BY Fraser Tennant
Second-quarter GDP figures have confirmed that the Japanese economy, the world’s third-largest, shrank at an annualised pace of 1.6 percent – a contraction that keeps up the pressure on prime minister Shinzo Abe and his economic policy package, Abenomics.
According to data released this week by the Cabinet Office, on a quarter-on-quarter basis, Japan’s gross domestic product contracted 0.4 percent in the April to June 2015 period. Economists surveyed by The Wall Street Journal forecast a 0.5 percent contraction (1.9 percent annualised).
Despite the weak economic growth, the Japanese economy actually expanded over the previous two quarters, although that expansion followed two quarters of contraction.
A slump in overseas demand for Japanese goods and more frugal attitudes toward household expenditure have been cited as the major reasons for the stagnating Japanese economy.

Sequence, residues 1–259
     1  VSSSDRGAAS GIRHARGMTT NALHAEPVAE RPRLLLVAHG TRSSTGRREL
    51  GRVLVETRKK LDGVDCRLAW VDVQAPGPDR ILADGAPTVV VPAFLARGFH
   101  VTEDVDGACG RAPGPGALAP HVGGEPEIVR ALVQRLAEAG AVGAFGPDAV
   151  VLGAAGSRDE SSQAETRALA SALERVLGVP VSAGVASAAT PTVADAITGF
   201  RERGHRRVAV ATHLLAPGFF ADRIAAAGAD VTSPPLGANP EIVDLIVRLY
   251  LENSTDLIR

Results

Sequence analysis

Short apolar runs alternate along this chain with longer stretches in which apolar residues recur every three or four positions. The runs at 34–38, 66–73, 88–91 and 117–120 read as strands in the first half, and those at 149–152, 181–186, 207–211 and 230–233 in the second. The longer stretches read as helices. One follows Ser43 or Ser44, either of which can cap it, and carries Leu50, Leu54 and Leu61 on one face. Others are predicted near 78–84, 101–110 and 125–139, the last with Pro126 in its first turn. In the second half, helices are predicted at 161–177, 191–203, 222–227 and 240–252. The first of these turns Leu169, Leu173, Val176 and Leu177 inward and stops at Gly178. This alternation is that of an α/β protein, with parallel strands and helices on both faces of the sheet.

As well as essentially confirming that its economy is at standstill, the austere Japanese GDP data also steps up the pressure on senior policymakers to devise a fresh monetary/fiscal stimulus to bolster the economy and reverse decades of deflation.
Since taking office in December 2012, prime minister Abe has struggled to bolster economic growth, with his audacious Abenomics revival program so far failing to turn the Japanese economy around.
Commenting on the Cabinet Office figures, economics minister Akira Amari stated that the government did not have any concrete plans as yet to introduce a new stimulus package but would concentrate for the moment on pressuring companies to direct their profits toward raising wages and capital expenditure.
Responding to Mr Amari’s view, Hiromichi Shirakawa, chief Japan economist at Credit Suisse, said: “If weak private consumption persists, that would be a further blow to Abe's administration, which is facing falling support rates ahead of next year's Upper House election. This could raise chances of additional fiscal stimulus."
Although economists do expect economic growth to pick up in Japan in the second half of 2015, for now there is considerable pressure mounting on prime minister Abe and his government to take steps to boost the economy, sooner rather than later.